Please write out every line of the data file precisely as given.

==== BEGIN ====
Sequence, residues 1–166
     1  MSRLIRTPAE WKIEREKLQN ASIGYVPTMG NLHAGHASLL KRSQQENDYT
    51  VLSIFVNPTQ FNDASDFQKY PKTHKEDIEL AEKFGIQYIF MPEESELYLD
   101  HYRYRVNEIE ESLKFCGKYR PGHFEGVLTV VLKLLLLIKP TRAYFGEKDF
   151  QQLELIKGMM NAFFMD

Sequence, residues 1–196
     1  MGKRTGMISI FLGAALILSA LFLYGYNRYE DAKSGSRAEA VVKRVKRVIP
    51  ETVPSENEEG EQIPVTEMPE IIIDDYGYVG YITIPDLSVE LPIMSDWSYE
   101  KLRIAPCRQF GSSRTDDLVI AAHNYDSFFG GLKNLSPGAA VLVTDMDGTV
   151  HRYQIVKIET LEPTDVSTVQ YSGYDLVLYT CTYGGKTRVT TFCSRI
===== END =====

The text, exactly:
Sequence, residues 1–166
     1  MSRLIRTPAE WKIEREKLQN ASIGYVPTMG NLHAGHASLL KRSQQENDYT
    51  VLSIFVNPTQ FNDASDFQKY PKTHKEDIEL AEKFGIQYIF MPEESELYLD
   101  HYRYRVNEIE ESLKFCGKYR PGHFEGVLTV VLKLLLLIKP TRAYFGEKDF
   151  QQLELIKGMM NAFFMD

Sequence, residues 1–196
     1  MGKRTGMISI FLGAALILSA LFLYGYNRYE DAKSGSRAEA VVKRVKRVIP
    51  ETVPSENEEG EQIPVTEMPE IIIDDYGYVG YITIPDLSVE LPIMSDWSYE
   101  KLRIAPCRQF GSSRTDDLVI AAHNYDSFFG GLKNLSPGAA VLVTDMDGTV
   151  HRYQIVKIET LEPTDVSTVQ YSGYDLVLYT CTYGGKTRVT TFCSRI